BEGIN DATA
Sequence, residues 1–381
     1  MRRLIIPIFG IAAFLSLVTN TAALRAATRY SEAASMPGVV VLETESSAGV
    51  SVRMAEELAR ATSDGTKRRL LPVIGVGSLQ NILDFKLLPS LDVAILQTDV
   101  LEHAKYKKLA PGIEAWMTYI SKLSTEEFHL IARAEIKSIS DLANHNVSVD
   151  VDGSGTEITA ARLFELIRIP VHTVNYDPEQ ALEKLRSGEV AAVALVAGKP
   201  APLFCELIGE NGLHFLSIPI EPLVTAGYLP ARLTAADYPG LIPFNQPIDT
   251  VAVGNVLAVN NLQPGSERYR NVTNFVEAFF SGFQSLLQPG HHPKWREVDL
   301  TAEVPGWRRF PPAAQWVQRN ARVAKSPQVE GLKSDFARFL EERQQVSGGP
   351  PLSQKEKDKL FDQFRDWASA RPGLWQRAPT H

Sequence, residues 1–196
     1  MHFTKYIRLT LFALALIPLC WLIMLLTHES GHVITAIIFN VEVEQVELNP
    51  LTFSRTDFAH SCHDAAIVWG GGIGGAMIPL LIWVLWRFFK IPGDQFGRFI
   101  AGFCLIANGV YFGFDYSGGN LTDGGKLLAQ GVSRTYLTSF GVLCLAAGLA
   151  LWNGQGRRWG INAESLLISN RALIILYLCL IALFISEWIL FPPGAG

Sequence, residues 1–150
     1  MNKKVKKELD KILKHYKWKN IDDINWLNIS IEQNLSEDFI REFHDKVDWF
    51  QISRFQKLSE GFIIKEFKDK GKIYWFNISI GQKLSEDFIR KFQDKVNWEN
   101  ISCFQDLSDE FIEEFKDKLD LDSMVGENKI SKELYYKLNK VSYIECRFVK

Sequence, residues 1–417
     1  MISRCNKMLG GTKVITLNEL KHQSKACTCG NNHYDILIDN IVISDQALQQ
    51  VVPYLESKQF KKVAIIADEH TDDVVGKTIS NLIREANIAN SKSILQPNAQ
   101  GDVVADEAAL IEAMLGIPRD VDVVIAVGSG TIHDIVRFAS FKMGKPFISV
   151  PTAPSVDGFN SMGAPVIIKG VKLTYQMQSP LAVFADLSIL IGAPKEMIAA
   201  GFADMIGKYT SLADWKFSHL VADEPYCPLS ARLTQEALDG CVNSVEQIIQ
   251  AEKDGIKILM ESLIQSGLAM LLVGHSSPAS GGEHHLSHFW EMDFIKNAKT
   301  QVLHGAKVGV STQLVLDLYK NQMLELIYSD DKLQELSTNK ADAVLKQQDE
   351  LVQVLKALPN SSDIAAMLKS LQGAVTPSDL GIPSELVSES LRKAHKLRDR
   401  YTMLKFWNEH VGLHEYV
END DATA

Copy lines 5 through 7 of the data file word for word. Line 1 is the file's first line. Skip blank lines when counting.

   151  VDGSGTEITA ARLFELIRIP VHTVNYDPEQ ALEKLRSGEV AAVALVAGKP
   201  APLFCELIGE NGLHFLSIPI EPLVTAGYLP ARLTAADYPG LIPFNQPIDT
   251  VAVGNVLAVN NLQPGSERYR NVTNFVEAFF SGFQSLLQPG HHPKWREVDL